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Harder Working Spaces
The Emerging Workplace: ideas for evolving your place.
The Emerging Workplace tool was created for customers and dealers to better understand the future of the office.  This tool has one floor plan with four evolving options that respond to the ways that people are working today while looking to the future. 
My responsibilities in this project:
All drawings that were created in Adobe Indesign, SketchUp and Microstation.
Developed planning concept.
Designed workstations.
As Is: modest reductions. It's about individual work, limited collaboration.
This plan represents a pretty traditional space. 
Overall, there are 23,000 net usable square feet, and there are 148people resident there.
We call this one ‘AsIs’ , as it reflects a pretty conventional work pattern, and a very typical office space. We often refer to this as “cube planning.”  It’s based on the assumption that people come into the office to work,and so everyone in the organization needs a dedicated workspace.  
Refine: moderate reduction in workstation size, shifting to more team areas.
In this plan,one we call ‘refine’, we’ve made some moderate changes that reflect the changes in technology, work process and culture, and therefore shifts the overall allocation of space from individual work areas to more collaborative spaces. 
One of the constraints that plagues an “I” dominated space is when workers need to collaborate with one another – people struggle to find a place to meet.

In many organizations, this evolution occurs gradually, so you can begin to change your space by re-designing or compressing the size of the individual work station (“I” space) , and use the reclaimed space to create collaborative spaces, the ones that we refer to as ‘we’ spaces.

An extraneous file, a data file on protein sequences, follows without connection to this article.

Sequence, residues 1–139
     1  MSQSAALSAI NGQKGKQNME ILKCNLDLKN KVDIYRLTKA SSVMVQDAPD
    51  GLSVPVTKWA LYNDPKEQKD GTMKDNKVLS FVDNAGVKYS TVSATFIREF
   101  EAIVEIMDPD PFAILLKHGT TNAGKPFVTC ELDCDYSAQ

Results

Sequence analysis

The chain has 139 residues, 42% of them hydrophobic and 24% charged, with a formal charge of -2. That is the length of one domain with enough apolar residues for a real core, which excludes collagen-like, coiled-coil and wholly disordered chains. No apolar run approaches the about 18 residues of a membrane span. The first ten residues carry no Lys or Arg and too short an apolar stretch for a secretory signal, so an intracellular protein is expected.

Rethink: shifting toward alternative work strategies. It's about significant change to space, technology, work process, and culture.
This plan – the one we call ‘rethinking’ is about significant change to the space, based on significant changes to the technology, work process and culture of the organization. 
Where it’s different from the first two examples is that now, not only the space is changing, but the work strategy is changing too. That means the company has introduced work strategies often referred to as“alternative work strategies”  such as telecommuting (people working from home all or part of the time), hotelling or or hot-desking.  So for this example, we’ve assumed there are more mobile workers in this organization.  
Emerging: supports people working in both the physical and virtual space. It's about fundamental breakthroughs and new discovery.
Now, this last space we call the Emerging Workplace. It’s about a fundamental breakthrough in the way space is designed and used.  This space supports a highly distributed work force, meaning the workers are highly connected via technology, and highly mobile – not tethered to either a workspace or a workplace. 
In fact, workers on the same team may not only be in different locations, they might be in different time zones or different countries.  They need to work together both in the virtual and physical worlds. So when they come together in the workplace, it’s to connect and collaborate.

This type of space is one that reflects a work pattern where collaboration and project work dominates.  The ability of the space to provide for this type of collaboration can have a major impact on an organization’s ability to attract and retain the best and the brightest and foster the type of culture needed to support it’s brand mission.  
Harder Working Spaces

Harder Working Spaces

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